John Mayer and Chick

04: Conversation with John Mayer [Podcast]

Special episode from Electric Lady Studios in NYC
In a fascinating conversation, Chick and singer, songwriter and guitarist extraordinaire John Mayer talk music, improvisation and reveal their amazing new project — with Pino Palladino (bass), Steve Jordan (drums), Wallace Roney (trumpet) and Manolo Badrena (percussion).

Chick with John Mayer at Electric Lady
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Chick Corea: Hello, hello, hello. This is Chick. Welcome to another very special installment from — Oh, let’s call it “Podcastlandia.” Yeah, this is a conversation that I had just a few days ago with the great guitarist, singer-songwriter, John Mayer. And you’re about to hear a chat that we had in Electric Lady Studios in New York City. Yeah, John and I met a couple of months ago in December. We were both guests at Stevie Wonder’s “House Full of Toys” concert where Stevie did the complete set from Songs in the Key of Life. It was an amazing night, and my first time to meet John. We started talking about maybe jamming together and sure enough, setting it all together, we ended up at Electric Lady Studios in New York, which is a place with a lot of memory for me, great memory, from 1975, where I made a solo album called The Leprechaun with Gayle, with my wife Gayle. And, you know, I hadn’t stepped into Electric Lady Studios since that day. It was very exciting. John and I had a blast the days that we were there, really going out on several different limbs; improvising and coming up with this and that. Actually, none of it is really evaluated right now, but it sure was a blast. Anyway, John was nice enough to sit down and have a chat and get it recorded and here it is! Myself, John Mayer, Electric Lady Studios. Boom.

CC: John, hey, thanks for sitting in. I didn’t mean to interrupt the session.

John Mayer: There’s nothing to interrupt, it’s all free flowing.

CC: It is, it is! So this is John, John Mayer. This is Chick.

JM: Hello.

CC: We’re at Electric Lady. And, how much should we reveal about what we’re doing?

JM: Everything but playing for them. I actually thought about putting some stuff up on Twitter the other night. And I thought it’s such a reveal when you hear this stuff. A lot of the power, I think, is going to be in the reveal, because it’s not what people are expecting. And if you put a 15 second video clip — of your favorite part — up, you kind of take away the unveiling of it. Because it is sort of a shocking thing to hear it.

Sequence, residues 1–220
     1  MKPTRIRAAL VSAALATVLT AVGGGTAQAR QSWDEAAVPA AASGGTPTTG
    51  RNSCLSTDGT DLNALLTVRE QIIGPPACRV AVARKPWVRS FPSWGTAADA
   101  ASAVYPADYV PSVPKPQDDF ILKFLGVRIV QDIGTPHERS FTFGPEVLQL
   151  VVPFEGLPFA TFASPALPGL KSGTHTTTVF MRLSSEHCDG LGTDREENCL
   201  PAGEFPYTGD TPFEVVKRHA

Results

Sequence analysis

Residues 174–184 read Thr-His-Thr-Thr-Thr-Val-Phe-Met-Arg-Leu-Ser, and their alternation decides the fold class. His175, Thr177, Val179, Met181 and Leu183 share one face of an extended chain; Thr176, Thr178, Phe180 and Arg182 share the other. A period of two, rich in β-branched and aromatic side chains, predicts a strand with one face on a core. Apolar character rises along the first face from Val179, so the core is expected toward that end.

CC: Well the general subject, that I was going in on, which totally fits what we’re doing, is the concept of improvisation. Which everyone wants to — musicians, and young musicians — they want to know what’s that all about, and how do you do that. This thing that we’ve been doing is like a perfect example of starting from practically nowhere. Well, not completely nowhere. We are ourselves, we’re wanting to jam, that’s a “somewhere.” But practically a nowhere, like a song or a tempo or a lick, or a this or a that. And then just coming in the room together and starting to play. Which is some of my favorite way to make music.

JM: It’s definitely treacherous. It’s not for the faint of heart. If you’re looking for a sense of comfort, at all times, it’s not going to happen. It’s very uncomfortable. I don’t know if this for everybody, but for me personally, I wear the last thing we played, until we play another thing. I wear it. It’s this little micro-scoreboard. “Hows this going?” I think that’s just my nature when I get into the studio. It’s funny you mentioning “from nowhere.” We do start from nowhere, but I think the real kind of instrument that I’m playing, on this particular session, is sort of like being the in-band producer. In the sense that, like, everybody can play so well, but there’s really — of the whole unit of what everybody can play, there’s only about .4% of it at any given time that can create something that I feel like personally is beyond a jam. It’s something quote-unquote “lasting.” Not that any of our stuff that we played is not lasting, in one way or another. But, it’s that way when I write music with lyrics, and pop music and stuff. It’s like here’s all these words, here’s all these chords, only a very, very, very, refined, slight percentage of what it is you could play can create something vital. So for me, those moments where you create something vital, they send me through the roof. It’s like gambling with your ego; it’s like gambling with your emotions. ‘Cause when you nail it — we nailed it yesterday. And when, four hours later, it’s like “Where are we now?” You know what I’m saying?

CC: Yeah. You know what is interesting to me about that? What you’re saying, that I think about? Is that there’s this 4% you’re talking about. I understand what you meant by that, but the thing that’s interesting to me, is that in order to recognize when that happens, somehow I feel that there has to be a pre-knowledge of it. Otherwise you can’t recognize the moment that it occurs. Otherwise how would you know? Because it’s all going by like a movie reel. And then how are you going to isolate that 4%?